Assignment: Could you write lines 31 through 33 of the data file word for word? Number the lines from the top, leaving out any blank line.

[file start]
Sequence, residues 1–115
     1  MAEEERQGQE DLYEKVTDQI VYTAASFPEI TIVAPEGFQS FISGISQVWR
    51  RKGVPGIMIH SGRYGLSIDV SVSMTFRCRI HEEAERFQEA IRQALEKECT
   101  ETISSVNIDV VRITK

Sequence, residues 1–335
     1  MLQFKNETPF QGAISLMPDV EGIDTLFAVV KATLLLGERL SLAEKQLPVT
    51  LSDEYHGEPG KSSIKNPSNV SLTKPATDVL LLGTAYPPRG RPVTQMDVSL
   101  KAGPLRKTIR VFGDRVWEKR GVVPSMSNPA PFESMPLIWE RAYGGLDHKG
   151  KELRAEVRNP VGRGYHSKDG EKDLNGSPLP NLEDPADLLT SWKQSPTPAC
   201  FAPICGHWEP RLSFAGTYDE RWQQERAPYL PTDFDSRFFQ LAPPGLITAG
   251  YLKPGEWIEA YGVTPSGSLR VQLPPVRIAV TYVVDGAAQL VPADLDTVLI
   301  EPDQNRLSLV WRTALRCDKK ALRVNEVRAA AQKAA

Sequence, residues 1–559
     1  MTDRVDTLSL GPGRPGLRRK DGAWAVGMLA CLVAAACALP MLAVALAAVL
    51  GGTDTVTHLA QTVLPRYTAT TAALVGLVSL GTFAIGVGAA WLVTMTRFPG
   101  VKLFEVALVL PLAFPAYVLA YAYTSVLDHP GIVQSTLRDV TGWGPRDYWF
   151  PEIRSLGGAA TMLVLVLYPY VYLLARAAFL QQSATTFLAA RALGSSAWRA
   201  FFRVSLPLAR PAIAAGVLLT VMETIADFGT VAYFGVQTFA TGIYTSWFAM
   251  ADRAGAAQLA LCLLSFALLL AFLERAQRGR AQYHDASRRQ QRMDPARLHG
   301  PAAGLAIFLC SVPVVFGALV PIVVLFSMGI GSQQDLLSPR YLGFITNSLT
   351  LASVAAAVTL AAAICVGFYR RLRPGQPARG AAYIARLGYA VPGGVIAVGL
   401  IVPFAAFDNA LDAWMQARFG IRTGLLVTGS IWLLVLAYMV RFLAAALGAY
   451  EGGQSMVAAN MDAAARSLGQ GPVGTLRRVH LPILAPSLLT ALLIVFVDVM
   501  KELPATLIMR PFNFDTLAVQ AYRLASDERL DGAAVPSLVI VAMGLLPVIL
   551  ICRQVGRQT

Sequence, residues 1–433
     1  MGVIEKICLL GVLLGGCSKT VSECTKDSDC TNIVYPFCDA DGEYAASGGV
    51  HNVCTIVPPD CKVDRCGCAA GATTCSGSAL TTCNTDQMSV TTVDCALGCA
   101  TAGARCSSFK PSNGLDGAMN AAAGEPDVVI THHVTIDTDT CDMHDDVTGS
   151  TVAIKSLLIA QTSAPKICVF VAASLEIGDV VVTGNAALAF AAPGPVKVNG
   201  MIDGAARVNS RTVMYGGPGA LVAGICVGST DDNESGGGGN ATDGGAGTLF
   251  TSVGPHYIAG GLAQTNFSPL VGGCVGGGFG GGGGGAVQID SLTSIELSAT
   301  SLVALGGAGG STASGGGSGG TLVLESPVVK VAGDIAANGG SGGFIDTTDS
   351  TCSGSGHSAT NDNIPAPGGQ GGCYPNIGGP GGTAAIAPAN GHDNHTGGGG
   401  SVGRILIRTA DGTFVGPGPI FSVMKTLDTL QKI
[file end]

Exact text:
   201  MIDGAARVNS RTVMYGGPGA LVAGICVGST DDNESGGGGN ATDGGAGTLF
   251  TSVGPHYIAG GLAQTNFSPL VGGCVGGGFG GGGGGAVQID SLTSIELSAT
   301  SLVALGGAGG STASGGGSGG TLVLESPVVK VAGDIAANGG SGGFIDTTDS